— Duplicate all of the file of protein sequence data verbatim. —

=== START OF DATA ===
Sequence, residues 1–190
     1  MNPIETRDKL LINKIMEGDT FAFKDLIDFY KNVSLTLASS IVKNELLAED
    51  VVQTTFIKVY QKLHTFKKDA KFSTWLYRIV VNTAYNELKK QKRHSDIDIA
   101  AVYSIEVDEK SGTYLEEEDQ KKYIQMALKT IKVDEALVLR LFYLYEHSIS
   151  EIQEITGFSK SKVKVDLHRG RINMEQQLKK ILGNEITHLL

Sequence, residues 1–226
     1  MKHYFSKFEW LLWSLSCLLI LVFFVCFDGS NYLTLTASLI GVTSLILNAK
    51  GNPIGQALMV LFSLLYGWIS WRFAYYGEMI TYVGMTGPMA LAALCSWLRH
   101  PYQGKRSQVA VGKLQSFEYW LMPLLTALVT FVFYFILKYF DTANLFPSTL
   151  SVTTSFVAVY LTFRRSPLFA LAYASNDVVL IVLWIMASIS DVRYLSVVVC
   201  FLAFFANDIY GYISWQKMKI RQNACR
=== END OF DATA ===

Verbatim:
Sequence, residues 1–190
     1  MNPIETRDKL LINKIMEGDT FAFKDLIDFY KNVSLTLASS IVKNELLAED
    51  VVQTTFIKVY QKLHTFKKDA KFSTWLYRIV VNTAYNELKK QKRHSDIDIA
   101  AVYSIEVDEK SGTYLEEEDQ KKYIQMALKT IKVDEALVLR LFYLYEHSIS
   151  EIQEITGFSK SKVKVDLHRG RINMEQQLKK ILGNEITHLL

Sequence, residues 1–226
     1  MKHYFSKFEW LLWSLSCLLI LVFFVCFDGS NYLTLTASLI GVTSLILNAK
    51  GNPIGQALMV LFSLLYGWIS WRFAYYGEMI TYVGMTGPMA LAALCSWLRH
   101  PYQGKRSQVA VGKLQSFEYW LMPLLTALVT FVFYFILKYF DTANLFPSTL
   151  SVTTSFVAVY LTFRRSPLFA LAYASNDVVL IVLWIMASIS DVRYLSVVVC
   201  FLAFFANDIY GYISWQKMKI RQNACR